Bake rings until dried with a leathery texture, about two hours. (If using parchment-paper-lined pans, an adult should flip the rings over after 1 hour and return to oven for additional hour.)

Remove from oven and enjoy! Cool before storing.

Extra idea: For added flavor, sprinkle a mixture of 2 teaspoons cinnamon and 1 tablespoon sugar over the rings before baking.

MICROWAVE CHUNKY APPLESAUCE
Makes 2 servings
2 cups apple chunks from cored apples of one or more varieties, peeled or unpeeled if you like (red peels may give your applesauce a nice rosy color)
1/2 cup water
1 tablespoon lemon juice
1 tablespoon sugar
1/4 teaspoon cinnamon

Combine ingredients in a deep microwave-safe bowl.

Cook, uncovered at full power for 5 minutes. Remove and stir well. Cook an additional 5 minutes.

Use a potato masher or whisk to mash and stir the apples into the liquid.
Cool and serve or refrigerate.

ARRANGE A PARTY CHEESE BOARD WITH KIDS

There are so many ways that kids can be part of daily meal prep, from setting the table or popping ice cubes into a pitcher of water to hulling fresh strawberries for dessert.
Routine jobs are important to family life, and new responsibilities can be introduced as kids grow and become more confident in their kitchen skills. It’s especially gratifying for kids when they can be part of the action when company comes.
If there’s an end-of-summer informal barbecue on your calendar, there are always extra to-dos, many of which are suited for young helpers, like arranging fresh fruit, cheese slices and other tasty and healthy nibbles on a cheese board for a delightful, trendy appetizer.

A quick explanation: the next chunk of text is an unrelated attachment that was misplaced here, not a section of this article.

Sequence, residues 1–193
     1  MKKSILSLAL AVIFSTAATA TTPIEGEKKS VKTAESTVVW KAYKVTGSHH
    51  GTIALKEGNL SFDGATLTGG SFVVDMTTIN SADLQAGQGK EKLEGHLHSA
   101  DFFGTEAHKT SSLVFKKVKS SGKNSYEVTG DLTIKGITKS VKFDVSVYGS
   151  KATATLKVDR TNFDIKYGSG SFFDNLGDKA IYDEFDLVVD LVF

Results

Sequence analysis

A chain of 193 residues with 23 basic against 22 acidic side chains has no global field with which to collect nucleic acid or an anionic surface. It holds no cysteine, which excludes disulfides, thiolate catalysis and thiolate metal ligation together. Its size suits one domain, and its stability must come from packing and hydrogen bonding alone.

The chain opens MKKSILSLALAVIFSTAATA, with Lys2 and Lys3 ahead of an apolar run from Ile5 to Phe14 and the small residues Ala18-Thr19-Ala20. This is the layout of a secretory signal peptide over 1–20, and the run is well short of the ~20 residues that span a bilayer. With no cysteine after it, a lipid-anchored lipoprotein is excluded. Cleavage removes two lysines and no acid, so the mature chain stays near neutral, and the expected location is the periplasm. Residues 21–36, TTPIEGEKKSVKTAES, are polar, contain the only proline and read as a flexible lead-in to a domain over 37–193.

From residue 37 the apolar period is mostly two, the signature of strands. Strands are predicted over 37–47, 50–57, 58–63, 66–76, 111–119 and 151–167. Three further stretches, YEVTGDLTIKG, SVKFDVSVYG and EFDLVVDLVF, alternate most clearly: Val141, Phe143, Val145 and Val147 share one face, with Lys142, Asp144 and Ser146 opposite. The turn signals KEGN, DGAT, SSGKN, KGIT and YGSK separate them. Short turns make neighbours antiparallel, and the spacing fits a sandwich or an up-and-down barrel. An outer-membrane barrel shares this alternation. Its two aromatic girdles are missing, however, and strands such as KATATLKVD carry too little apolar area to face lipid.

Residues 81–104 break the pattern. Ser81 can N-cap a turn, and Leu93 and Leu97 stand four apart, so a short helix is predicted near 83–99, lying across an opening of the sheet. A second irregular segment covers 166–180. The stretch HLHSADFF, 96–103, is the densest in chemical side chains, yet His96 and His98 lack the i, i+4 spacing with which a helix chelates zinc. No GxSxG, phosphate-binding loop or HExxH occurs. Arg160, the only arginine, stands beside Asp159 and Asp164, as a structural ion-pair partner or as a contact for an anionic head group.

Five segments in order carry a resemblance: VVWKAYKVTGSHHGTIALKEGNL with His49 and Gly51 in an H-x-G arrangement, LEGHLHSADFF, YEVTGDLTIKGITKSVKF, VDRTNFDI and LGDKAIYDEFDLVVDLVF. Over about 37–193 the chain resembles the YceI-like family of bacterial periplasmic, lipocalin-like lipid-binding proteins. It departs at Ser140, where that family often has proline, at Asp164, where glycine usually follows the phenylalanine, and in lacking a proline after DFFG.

Kids are artistic by nature, so first give them an opportunity to take a visual tour with you in the kitchen to find out what healthy appetizer-type food items are on hand on pantry shelves, in the refrigerator and in the fruit bowl on the counter. They’ll no doubt be inspired by the rainbow of colors on the spectrum, from red cherry tomatoes to green olives and violet grapes.
Now it’s time for them to get creative.

BASIC FAMILY-FRIENDLY CHEESE BOARD

For young school-age kids, begin with a few foods that can go directly to a cheese board or platter with minimal fuss. Good choices are pre-sliced cheeses, nuts, olives, dried fruit, cold cuts like salami and clusters of washed grapes. Kids can line up the cheese or place a chunk of cheese at an angle with a cheese knife to the side. Put small piles of nuts near cheeses, line up cold cuts in rows, then fill in spaces with dried fruit, grapes, sweet cherries and berries. Pile a variety of crackers here and there.

If you have space, spoon prepared hummus into tiny bowls for spreading on crackers. Peanut butter, jelly and honey will make the selection even more kid-friendly. Add style with a few edible blooms, such as nasturtiums, or use a pretty silk flower or two.

As kids become more comfortable in the kitchen, teach them how to mix their own sweet and savory dips, slice vegetables and wrap breadsticks, pretzels or asparagus with cheese or meat.

Extra family fun: When guests arrive, your young child might like to play the role of a “waiter” and take orders from adults of their choices from the cheese board. They can assemble the “order” on a small plate and deliver it to the guest.